Proposal of teaching evolution, intelligent design theory, and creationist science in schools in science classes sounds mid-way, friendly, and even democratic, however, it is not so, and here is why.
In science classes at school, we heard over and over again about dinosaur extinction. They were all lies.
Between 1907 and 1963 more than 64,000 Americans were forcibly sterilized for common good. Can “bad seeds” be weeded out by force sterilization?
Today the theory of evolution is a complex body of theory supported by other branches of science. In other words, we do not need the theory of evolution to know that evolution is a fact. However, in the mid-nineteenth century, the world was different.
The Irish Potato Famine, also called the great famine, was a period of mass starvation and disease in Ireland from 1845 to 1852. The great famine claimed one million lives and caused millions to flee their country. In the aftermath of the famine, Ireland’s population fell 25%, and Irish nationalism
Evolution theory, also known as evolutionary theory, or the theory of evolution, is based on the idea that all life on earth is related and gradually changes over time. The theory primarily explains the ongoing speciation of life since its emergence on Earth.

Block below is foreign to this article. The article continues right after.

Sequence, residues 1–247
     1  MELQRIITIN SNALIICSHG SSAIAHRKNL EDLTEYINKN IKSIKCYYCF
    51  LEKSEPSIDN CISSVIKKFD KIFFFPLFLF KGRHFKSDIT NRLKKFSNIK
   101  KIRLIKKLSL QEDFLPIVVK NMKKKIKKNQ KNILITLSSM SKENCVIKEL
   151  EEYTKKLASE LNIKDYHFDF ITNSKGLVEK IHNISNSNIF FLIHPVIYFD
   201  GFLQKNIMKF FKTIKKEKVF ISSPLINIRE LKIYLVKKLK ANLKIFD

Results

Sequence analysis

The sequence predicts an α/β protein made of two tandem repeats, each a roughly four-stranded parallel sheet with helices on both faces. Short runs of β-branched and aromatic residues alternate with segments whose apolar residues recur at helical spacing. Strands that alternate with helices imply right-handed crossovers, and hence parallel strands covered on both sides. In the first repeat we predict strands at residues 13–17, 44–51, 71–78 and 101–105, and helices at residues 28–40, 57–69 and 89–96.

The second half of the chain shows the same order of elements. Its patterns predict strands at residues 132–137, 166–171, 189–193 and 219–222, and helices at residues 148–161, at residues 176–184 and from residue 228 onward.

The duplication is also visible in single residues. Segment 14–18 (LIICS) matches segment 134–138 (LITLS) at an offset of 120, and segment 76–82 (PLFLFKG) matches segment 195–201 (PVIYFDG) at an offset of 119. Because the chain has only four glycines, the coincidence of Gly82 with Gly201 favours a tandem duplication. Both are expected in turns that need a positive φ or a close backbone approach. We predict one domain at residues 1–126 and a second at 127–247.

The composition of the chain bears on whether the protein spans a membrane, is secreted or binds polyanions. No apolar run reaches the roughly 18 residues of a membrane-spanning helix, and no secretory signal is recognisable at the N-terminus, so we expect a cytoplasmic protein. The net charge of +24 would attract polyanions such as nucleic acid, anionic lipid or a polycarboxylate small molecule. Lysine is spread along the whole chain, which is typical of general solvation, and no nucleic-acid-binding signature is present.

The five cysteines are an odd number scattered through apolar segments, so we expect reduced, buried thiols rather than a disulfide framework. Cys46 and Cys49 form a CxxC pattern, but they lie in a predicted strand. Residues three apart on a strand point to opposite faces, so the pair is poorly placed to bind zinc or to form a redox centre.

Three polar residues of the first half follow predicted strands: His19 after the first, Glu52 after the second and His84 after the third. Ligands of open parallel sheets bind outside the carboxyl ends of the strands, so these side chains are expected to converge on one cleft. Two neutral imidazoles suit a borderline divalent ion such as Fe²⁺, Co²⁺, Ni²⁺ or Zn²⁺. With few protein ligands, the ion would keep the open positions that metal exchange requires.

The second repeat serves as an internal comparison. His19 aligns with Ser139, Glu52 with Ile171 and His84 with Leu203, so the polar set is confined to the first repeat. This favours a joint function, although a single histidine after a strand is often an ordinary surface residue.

English scientist Charles Darwin introduced the theory of evolution through natural selection in 1859 with the publication of his book “On the Origin of Species”. This started a fierce argument among nineteenth-century scientists but the massive evidence coming from various other branches of science established evolution’s truth beyond a reasonable doubt before the twentieth century.
Natural selection says only the fit will surprise. The fit are those that have the inherited traits that help them best adapt to their habitat so that they live long enough to have and raise their offspring. Does this mean all of the inheritable traits of organisms ultimately serve one purpose: improve the adaptation of the organisms to their environments?
After the publication of “On the Origin of Species” by Charles Darwin, Evolution through natural selection was rather quickly adopted by scientists. However, in its infancy scientists imagined evolution as linear and progressive. Early expectation in scientific communities was that modern humans evolved from existing ape populations gradually, and that there had to be fossil evidence that link humans to apes.
Charles Darwin is the first human who made people aware of their place in the evolutionary process, which directly or indirectly helped develop many scientific and humanist ideas